A Cookie is a pretty easy concept to understand. It is simply a tracking code that is stored on the user’s computer for a determined amount of time to track their ID session, navigation, and preferences. Where is can be a bit confusing is when you talk about the different types of cookies. There are two different types of cookies, dependent on what type of website sets them.

I wanted to give you an in-depth definition of what a cookie is and the pros and cons associated with each.

Definition of a Cookie?

Information created by a Web server and stored on a user’s computer. Some web sites use cookies to identify visitors to that site, enabling more personalized information to be served upon return to the site. A Cookie can contain information such as user ID, user preferences, archive shopping cart information, browser, operating system, etc. Users can prevent web sites from assigning cookies by adjusting options with the client’s browser.

A cookie can be stored on your computer for a minute, a day, a week, a month. It really just depends on the cookie. A typical analytics cookie will be stored for usually 30-60 days.

There are advantages and disadvantages for both 1st party and 3rd party cookies. Let me first explain what 1st and 3rd party cookies are and then show you the advantages and disadvantages of each.

1st Party Cookies

1st party cookies are set by the website that the user is visiting.


  • Remembers the user’s personal information once they have submitted it. Now whenever the user comes back to the site they will not have to re-enter all of their information again.
  • Less frequently blocked and deleted
  • Able to track what people do on your site. See how long they stayed, what keywords they used to find you, how they found you, how many pages they looked at, what pages they were on, track if they signed up or purchased something, etc…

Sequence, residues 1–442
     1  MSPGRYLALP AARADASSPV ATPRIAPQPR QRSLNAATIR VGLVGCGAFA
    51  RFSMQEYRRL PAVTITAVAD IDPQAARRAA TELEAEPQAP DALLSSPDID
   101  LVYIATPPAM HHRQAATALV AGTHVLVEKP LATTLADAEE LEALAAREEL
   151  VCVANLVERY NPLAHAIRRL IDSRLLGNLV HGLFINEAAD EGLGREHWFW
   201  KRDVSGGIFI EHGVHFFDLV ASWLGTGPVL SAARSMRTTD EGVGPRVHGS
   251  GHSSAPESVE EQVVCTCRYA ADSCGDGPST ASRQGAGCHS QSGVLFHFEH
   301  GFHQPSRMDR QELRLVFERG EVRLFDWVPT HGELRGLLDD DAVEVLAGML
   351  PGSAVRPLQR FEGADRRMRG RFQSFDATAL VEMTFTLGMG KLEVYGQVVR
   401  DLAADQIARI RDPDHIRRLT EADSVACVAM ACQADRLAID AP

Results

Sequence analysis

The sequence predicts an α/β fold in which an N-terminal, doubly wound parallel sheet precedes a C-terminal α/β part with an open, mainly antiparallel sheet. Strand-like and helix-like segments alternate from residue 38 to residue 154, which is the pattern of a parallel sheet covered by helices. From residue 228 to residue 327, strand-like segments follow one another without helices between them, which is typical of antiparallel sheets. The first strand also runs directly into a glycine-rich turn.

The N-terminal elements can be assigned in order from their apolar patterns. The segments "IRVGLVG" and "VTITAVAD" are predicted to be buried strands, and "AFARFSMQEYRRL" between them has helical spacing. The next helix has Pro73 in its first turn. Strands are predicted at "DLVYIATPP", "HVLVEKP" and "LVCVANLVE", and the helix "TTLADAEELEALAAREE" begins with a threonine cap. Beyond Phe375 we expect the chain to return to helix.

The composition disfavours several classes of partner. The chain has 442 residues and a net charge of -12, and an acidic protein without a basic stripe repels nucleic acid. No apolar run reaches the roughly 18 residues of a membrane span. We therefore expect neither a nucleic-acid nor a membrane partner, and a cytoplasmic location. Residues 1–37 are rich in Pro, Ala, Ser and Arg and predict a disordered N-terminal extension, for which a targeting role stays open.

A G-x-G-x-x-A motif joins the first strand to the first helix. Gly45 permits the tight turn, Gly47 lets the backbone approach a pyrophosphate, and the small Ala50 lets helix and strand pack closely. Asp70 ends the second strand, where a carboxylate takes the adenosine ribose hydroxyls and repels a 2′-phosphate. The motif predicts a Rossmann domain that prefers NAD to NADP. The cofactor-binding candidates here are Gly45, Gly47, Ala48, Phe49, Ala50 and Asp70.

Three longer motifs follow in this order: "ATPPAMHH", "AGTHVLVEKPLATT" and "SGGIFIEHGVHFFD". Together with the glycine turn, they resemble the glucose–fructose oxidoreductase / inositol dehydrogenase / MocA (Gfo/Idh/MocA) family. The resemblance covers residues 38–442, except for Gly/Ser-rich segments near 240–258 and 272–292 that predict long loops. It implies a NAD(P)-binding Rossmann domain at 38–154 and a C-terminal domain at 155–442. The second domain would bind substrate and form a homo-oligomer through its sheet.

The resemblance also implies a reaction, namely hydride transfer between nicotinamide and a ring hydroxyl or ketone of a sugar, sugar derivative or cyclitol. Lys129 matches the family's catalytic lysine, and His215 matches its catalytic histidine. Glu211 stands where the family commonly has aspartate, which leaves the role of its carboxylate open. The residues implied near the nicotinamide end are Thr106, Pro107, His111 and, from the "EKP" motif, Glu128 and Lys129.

• Great for serving up personalized content that is geared towards that specific user’s preferences
  • Since the cookie can record what the user purchased it is great for cross selling and add-on items
    • Amazon does a great job of this. They have recommended items that they list based on your previous searches and purchases.
  • Gain insight on which pages are performing better and which need improvement


  • Unable to see what user’s do once they leave your site

  • You are not able to track individual users on the same computer, unless they have their own login credentials

3rd Party Cookies

3rd party cookies are set by a 3rd party domain, like a web analytics company or online campaign management solution. For example if someone visits yoursite.com, that information will be routed to webanalyticscompany.com. 3rd party cookies can be used for banner ads, text ads, or any other 3rd party website.


  • Able to track a user across multiple websites
  • Easier to identify what the user did after they visited your site
  • Great for marketing research and identifying which marketing campaigns were successful


  • Many 3rd party cookies get blocked, recognizing them as spam
  • A cookies information can be stolen if the session in unencrypted
  • There could be other tracking options that a 3rd party company add to the cookie that you are not aware of
  • Anti-Spyware programs will most likely delete the cookie

Jupiter Research conducted a study on how often users delete their cookies. From their study 58% of users delete their cookies regularly, with 40% of those deleting them every month. With that in mind, no analytics package will ever be 100%. With people deleting their cookies, it will record a visitor who visits more than once as a unique visitor. Unfortunately there is nothing you can do if user’s do not accept cookies or if they delete their cookies regularly.